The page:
EDWARDS: "We went to Woodburn and ran the new car for a couple of days and thought it was as good if not a little better than the other Camaro. We came here and obviously it's not as good as we think it is. Right now we are not in, so we have nothing to lose. We teched both cars, so I had the availability to run either car if I needed to. So we're switching cars for the final run. Meanwhile after this race we'll test both cars through Thursday and we'll run whichever one we think is the best at Sonoma and stay in that car the rest of the year." WHICH CAR ARE YOU LEANING TOWARDS AT THIS TIME? "I don't know. I think the Bickle one is going to be really good, I just thought I had a better handle on it. Obviously, I didn't. I think we need to regroup to come back with something we're more familiar with. We'll run both in testing, see how they compare, and make a decision then." ON TESTING AT WOODBURN: "We made nine laps. We thought the track was part of the problem. I'm not so sure it was the track now. That's kind of a tough judgment to make when you go testing and there are no other Pro Stock cars testing at the same time. I made a decision to run the Bickle car, and right now I don't think it was the right decision. You never know. We might get a good run and squeeze in the field this afternoon. We pretty much shot ourselves in the foot, it looks like."

FINAL QUALIFYING SESSION UPDATE: Edwards failed to qualify with his 6.98-second pass at 197.25 mps and ends up in 19th spot, based on his e.t. in the first qualifying session of 6.980 seconds at 197.19 mph. EDWARDS: "Another DNQ. It's just a big mistake trying to run that (Bickle) car. I take all the blame, it was my decision. No doubt about it, tomorrow anybody has a chance to win because the track is so marginal. Right now the Jones car is better. We have more data, more information and more runs on it."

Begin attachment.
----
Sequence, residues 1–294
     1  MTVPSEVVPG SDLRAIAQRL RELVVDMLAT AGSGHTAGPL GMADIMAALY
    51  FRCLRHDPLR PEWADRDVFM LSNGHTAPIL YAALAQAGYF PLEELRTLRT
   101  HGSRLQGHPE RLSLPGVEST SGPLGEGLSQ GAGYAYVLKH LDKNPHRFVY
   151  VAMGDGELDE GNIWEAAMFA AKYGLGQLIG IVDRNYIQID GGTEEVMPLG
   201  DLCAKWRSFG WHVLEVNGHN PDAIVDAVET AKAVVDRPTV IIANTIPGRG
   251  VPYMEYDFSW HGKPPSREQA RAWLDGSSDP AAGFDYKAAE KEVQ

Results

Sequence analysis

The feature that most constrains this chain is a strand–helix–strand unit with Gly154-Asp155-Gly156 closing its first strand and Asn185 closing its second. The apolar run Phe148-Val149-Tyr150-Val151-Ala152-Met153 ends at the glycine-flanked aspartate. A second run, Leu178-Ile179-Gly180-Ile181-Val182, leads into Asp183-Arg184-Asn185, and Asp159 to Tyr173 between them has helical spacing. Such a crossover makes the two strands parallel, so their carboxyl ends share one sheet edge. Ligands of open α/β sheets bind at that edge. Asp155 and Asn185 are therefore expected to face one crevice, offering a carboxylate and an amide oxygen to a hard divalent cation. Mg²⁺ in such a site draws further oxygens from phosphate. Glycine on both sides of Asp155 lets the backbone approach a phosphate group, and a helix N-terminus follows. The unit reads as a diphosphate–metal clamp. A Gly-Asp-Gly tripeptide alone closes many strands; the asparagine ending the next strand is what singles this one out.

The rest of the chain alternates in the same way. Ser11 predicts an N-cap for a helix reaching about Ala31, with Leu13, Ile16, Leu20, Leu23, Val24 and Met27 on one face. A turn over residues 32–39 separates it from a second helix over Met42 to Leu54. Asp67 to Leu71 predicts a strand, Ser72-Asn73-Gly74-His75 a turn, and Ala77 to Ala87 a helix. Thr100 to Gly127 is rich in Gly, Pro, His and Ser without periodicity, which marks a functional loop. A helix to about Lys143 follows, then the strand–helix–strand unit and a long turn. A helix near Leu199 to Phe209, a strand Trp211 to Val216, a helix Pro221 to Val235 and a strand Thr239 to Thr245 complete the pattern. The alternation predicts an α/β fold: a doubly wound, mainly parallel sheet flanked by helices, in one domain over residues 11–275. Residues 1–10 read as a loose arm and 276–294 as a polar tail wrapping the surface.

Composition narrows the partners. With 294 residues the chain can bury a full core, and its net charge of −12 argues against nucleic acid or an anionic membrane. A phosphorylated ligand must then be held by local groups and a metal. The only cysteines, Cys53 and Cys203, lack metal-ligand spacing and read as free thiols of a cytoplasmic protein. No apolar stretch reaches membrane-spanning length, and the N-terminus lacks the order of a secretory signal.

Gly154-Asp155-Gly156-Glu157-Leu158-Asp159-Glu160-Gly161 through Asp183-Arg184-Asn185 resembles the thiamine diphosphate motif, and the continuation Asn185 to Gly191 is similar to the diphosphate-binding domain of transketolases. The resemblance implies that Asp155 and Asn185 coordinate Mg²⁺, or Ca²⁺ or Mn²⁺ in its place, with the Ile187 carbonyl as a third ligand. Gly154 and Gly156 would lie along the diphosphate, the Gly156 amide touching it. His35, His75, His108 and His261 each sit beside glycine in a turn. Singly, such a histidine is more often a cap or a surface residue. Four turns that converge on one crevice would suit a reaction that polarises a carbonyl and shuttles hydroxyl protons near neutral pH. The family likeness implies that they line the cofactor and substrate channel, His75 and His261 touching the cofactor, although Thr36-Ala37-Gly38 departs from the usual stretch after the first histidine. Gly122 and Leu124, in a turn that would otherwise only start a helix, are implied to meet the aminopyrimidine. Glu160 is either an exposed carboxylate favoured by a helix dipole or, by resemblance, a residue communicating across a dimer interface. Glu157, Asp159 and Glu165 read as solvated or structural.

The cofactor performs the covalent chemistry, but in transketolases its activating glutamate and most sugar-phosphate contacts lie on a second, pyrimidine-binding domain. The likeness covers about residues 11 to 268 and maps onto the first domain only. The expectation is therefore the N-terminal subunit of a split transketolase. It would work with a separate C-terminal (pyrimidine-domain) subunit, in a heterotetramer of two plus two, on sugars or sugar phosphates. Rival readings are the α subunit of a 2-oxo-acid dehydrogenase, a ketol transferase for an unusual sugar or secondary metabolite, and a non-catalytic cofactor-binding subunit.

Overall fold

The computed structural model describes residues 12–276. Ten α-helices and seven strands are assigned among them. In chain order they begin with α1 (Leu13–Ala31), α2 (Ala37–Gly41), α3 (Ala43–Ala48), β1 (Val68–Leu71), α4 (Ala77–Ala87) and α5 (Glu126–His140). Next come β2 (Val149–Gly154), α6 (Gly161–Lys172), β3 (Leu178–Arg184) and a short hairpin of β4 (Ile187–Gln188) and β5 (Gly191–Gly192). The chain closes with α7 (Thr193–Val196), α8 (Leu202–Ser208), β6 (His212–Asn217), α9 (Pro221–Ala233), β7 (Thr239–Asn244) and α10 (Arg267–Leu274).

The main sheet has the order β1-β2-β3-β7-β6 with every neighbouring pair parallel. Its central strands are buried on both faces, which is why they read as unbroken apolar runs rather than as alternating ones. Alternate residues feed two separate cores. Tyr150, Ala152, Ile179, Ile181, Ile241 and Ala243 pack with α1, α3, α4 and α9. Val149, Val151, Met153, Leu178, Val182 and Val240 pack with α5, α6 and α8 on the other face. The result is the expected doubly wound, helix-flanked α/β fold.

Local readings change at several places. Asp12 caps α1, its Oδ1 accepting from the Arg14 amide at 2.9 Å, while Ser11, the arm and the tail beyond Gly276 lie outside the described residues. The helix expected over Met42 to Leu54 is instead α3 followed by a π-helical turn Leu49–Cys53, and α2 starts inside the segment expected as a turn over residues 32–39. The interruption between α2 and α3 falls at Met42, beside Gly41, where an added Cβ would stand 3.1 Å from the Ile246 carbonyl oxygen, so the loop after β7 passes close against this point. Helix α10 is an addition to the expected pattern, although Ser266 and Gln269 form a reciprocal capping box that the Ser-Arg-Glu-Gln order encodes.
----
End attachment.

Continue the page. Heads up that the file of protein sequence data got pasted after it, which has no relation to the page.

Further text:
TOM HAMMONDS, WINNEBAGO/MATCO TOOLS/KENDALL OIL CAMARO Z28, failed to qualify. His 6.992/197.62 from the second session was good enough only for 20th position. His last ditch effort in the final session netted him a 7.04-second pass at 197.48 mph.

HAMMONDS: "We changed things we thought were in the right direction and we went slower. That's Pro Stock racing for you. Right now we don't know what to do as far as the car is concerned. We need to do a lot of testing. We'll test with other Pro Stock cars at Woodburn on Monday and Tuesday before Sonoma. We will run the race setup for Sonoma and hopefully we will learn something that will help us in Sonoma. We're like the Vancouver Grizzlies of NBA or the L.A. Clippers in the fact that we can't throw the ball into the ocean. We've got a lot of work to do and we have a short time to do it in." HAVE YOU CONSIDERED QUITTING BASKETBALL IN ORDER TO RACE FULL TIME? "I could quit basketball and do this, and be miserable ALL the time (laughing). If we had a chance to run all winter and test with these other guys I'm pretty confident we could run a whole lot better, but I'm not planning on quitting basketball just yet."

KURT JOHNSON, ACDELCO CAMARO Z28, is No. 2 qualifier, 6.909/200.35, behind his dad Warren. In the final qualifying session he slowed to a 10.66-second pass at 85.75 mph.

KURT: "We have been running the fine line and have been testing different shocks. This is just an experimental set of shocks we had on there and it didn't work in the left lane. We will have to get them off and get back to basics." ON ALMOST TAKING NO. 1 AWAY FROM WARREN FRIDAY NIGHT: "We know we should run as good as he does. The power is fairly close. When he ran the .90 yesterday, we ran the .93, but the car has been fairly conservative to make it down the race track. Well, we gambled last night, changed the suspension around. We know we have a faster setup and we ran a .90 last night. It kind of amazed me. It really was a straight run. We thought we really had something. So we left it alone this morning and ran a .91, which in the right lane was a pretty good run. It was five hundredths (of a second) quicker than everybody else. So, we missed the two good opportunities to be No. 1. But No. 2 is not bad, the way things have been going."

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Series NHRA
Drivers Tony Pedregon , John Force